Ok I am back from vacation fresh, revived and ready to help you with your cold calling issues. Miss me? I want to clear up a miscommunication before we get into the column. I recently wrote about getting rid of your telemarketing script. And while I still agree that it´s a good idea to wean your telemarketers off of it, I want to clear up a misconception. I offer tips on scriptwriting as with everything else as a guide, your presentation should be just that"?¦ a guide. These tips are a way of showing how the phone conversation should transpire. A script should never take the place of an actual conversation with a prospect, which is where most telemarketers go wrong. Keep in mind that if your telemarketer can´t tell you what the product or service is in their own words, they won´t be able to tell a potential customer either. So be sure to create a winning presentation to guide you through your conversation with the prospect without becoming dependant on it. I mentioned in an earlier column that writing a winning script is a lot like writing a letter. There are three components, the opening which discusses who you are and what you do in short detail. The body should offer probing questions allowing you to get the prospect interested in your services without giving too much information. It should also create a need by allowing the prospect the opportunity to tell you more about what services they are most interested in.
And finally the close"?¦
The close is as important as any other part of the presentation but is also the most misused. I listen to a lot of presentations and what I hear are great openings, credible explanations of services but lackluster or no closes. This is true both in sales and telemarketing. Most sales professionals will give a great presentation but forget to ask for the sale or the appointment which is a huge sales no-no. As with any other part of the presentation, one must find their own rhythm and style in closing a sale or getting an appointment. That said here are a few of my tips.
If you´ve been using the probing techniques I suggested earlier, then you have acquired quite a bit of information from the prospect. Enough information so that you can now make a judgment call whether it´s time to set or ask for an appointment or sale. Keep in mind that if you don´t ask enough or the right type of questions, you won´t set a good appointment. Think of your presentation as a prosecutor would a case. Without enough evidence the lawyer can´t get a conviction and without enough data on the prospect you can´t set a credible appointment. Incidentally, both make their case by"?¦..asking probing questions. What makes a credible appointment? Keep in mind the following"?¦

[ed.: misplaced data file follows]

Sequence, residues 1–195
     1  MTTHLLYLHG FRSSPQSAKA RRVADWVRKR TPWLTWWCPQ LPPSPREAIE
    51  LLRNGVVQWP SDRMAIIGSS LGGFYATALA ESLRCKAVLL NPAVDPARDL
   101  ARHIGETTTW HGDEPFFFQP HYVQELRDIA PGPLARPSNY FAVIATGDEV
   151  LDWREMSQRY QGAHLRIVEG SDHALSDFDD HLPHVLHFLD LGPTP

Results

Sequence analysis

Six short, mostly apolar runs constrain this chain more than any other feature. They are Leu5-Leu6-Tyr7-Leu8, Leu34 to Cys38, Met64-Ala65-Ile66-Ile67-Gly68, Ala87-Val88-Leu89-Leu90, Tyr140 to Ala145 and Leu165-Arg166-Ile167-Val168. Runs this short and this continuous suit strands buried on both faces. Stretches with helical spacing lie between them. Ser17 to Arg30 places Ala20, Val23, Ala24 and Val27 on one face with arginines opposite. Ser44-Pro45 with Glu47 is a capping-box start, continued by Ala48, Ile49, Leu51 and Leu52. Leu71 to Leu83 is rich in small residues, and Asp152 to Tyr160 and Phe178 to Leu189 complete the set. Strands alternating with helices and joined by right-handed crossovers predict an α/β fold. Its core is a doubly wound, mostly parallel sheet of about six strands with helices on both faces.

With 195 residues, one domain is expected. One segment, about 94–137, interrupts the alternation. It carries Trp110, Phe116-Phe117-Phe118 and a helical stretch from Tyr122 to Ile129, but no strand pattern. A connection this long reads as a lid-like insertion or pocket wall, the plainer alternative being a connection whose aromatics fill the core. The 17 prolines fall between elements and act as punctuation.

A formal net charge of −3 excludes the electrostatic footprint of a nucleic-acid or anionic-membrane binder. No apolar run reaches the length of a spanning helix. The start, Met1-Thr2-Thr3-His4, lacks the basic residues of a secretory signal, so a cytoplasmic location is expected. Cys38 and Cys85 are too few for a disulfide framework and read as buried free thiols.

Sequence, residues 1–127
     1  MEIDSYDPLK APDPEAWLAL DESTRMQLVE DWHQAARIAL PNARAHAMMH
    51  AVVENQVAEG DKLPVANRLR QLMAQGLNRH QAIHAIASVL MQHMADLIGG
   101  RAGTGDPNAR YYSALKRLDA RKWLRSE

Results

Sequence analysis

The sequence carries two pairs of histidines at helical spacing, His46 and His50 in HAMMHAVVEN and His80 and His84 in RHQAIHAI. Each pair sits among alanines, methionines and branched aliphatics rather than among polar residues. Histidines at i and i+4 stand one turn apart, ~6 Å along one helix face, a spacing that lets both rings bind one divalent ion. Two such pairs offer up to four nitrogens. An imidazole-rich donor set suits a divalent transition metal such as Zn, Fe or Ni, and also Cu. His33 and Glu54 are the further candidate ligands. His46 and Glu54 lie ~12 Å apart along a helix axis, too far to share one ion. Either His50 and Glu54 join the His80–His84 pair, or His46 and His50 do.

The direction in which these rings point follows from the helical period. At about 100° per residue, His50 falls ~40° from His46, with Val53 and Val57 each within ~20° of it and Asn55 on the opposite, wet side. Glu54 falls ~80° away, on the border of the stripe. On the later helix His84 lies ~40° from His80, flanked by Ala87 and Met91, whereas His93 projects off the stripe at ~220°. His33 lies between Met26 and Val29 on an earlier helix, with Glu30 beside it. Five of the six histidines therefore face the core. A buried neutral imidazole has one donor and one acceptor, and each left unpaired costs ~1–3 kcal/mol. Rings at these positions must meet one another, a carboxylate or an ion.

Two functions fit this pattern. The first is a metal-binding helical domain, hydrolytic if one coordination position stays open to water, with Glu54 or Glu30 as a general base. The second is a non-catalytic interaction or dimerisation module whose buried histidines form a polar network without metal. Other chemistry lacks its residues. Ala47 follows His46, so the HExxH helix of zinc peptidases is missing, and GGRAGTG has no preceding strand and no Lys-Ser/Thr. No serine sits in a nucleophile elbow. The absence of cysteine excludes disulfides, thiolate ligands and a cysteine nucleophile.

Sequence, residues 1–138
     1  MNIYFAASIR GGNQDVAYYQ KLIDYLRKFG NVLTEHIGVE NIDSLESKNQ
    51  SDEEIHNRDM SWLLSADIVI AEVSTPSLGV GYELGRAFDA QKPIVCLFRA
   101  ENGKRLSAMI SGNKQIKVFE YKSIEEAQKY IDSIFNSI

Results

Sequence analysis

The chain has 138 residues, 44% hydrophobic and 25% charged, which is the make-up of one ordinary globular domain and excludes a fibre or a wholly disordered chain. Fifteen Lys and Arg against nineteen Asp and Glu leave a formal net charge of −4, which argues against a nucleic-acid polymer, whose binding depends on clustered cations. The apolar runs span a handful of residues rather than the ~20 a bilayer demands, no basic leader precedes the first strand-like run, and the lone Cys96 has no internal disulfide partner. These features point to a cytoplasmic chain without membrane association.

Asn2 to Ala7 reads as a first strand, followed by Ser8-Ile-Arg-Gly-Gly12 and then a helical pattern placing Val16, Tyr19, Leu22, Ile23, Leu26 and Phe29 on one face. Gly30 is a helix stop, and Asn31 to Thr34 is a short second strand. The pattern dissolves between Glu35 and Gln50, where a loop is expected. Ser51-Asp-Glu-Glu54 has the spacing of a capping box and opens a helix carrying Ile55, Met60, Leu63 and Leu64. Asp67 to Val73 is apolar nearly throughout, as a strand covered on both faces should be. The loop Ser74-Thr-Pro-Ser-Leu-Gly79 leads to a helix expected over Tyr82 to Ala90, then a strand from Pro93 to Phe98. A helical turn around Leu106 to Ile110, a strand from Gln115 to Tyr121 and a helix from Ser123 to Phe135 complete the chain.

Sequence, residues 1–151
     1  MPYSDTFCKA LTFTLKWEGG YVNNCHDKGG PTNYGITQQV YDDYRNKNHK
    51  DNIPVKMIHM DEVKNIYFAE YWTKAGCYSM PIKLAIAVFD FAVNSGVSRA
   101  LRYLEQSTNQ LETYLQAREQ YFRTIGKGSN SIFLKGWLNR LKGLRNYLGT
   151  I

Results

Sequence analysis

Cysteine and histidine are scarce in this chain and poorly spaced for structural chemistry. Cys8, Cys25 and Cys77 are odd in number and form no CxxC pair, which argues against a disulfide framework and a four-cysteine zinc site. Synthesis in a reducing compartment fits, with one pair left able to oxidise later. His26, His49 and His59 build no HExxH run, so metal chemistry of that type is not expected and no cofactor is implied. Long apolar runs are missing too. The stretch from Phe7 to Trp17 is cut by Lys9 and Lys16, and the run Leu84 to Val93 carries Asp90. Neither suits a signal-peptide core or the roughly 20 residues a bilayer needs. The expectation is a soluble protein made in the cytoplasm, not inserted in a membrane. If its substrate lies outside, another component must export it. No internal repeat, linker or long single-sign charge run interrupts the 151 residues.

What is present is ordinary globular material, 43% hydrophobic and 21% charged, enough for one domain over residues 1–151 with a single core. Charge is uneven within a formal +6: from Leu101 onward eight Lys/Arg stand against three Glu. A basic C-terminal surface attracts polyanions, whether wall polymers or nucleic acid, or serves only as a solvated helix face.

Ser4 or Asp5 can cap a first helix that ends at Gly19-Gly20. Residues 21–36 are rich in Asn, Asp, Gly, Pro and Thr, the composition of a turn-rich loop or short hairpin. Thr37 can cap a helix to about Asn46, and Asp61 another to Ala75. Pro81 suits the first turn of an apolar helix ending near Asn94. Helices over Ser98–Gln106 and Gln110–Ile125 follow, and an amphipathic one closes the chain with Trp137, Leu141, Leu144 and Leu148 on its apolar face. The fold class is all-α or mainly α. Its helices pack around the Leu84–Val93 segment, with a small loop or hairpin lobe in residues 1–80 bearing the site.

The prospect must have a need for your service/product-You can´t sell something to someone who has no interest.
The prospect must be looking to make a decision or get a quote within 1-3 months (typically it takes that long for a cold call to become a sale in most industries)
The prospect must have a budget and ready to spend it. A prospect may be interested but may not have the cash to spend.
They must be ready to meet and understand the purpose of the meeting. It does no one any good to show up to a meeting without a reason for being there. By the way if you ever find yourself in that situation ask the prospect this question. "Was there any particular reason you agreed to this meeting?" " What did you want to accomplish with this meeting?" Don´t be confrontational but you want to be clear that you only agreed to meet based on their level of interest. Nobody has that kind of time to meet with a salesperson just because they have nothing better to do. Therefore there must have been a reason they agreed to meet in the first place. I think that if someone is going to meet with me "just because" then I want to determine whether or not they understand the purpose of the meeting. Next column: The close Part Two